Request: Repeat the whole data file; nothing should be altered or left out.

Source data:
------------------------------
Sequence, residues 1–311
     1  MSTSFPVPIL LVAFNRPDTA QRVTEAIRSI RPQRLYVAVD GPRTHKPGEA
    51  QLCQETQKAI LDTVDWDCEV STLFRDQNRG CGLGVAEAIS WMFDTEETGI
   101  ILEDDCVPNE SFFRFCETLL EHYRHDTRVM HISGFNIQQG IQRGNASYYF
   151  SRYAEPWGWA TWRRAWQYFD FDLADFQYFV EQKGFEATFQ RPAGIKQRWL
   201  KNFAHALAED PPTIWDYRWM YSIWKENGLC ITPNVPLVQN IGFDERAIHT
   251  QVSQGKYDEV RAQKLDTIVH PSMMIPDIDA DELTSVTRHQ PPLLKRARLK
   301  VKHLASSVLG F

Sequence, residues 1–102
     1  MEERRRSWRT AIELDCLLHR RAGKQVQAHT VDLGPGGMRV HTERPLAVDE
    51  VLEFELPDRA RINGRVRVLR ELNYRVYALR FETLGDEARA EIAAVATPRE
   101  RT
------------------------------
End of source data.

Sequence, residues 1–311
     1  MSTSFPVPIL LVAFNRPDTA QRVTEAIRSI RPQRLYVAVD GPRTHKPGEA
    51  QLCQETQKAI LDTVDWDCEV STLFRDQNRG CGLGVAEAIS WMFDTEETGI
   101  ILEDDCVPNE SFFRFCETLL EHYRHDTRVM HISGFNIQQG IQRGNASYYF
   151  SRYAEPWGWA TWRRAWQYFD FDLADFQYFV EQKGFEATFQ RPAGIKQRWL
   201  KNFAHALAED PPTIWDYRWM YSIWKENGLC ITPNVPLVQN IGFDERAIHT
   251  QVSQGKYDEV RAQKLDTIVH PSMMIPDIDA DELTSVTRHQ PPLLKRARLK
   301  VKHLASSVLG F

Sequence, residues 1–102
     1  MEERRRSWRT AIELDCLLHR RAGKQVQAHT VDLGPGGMRV HTERPLAVDE
    51  VLEFELPDRA RINGRVRVLR ELNYRVYALR FETLGDEARA EIAAVATPRE
   101  RT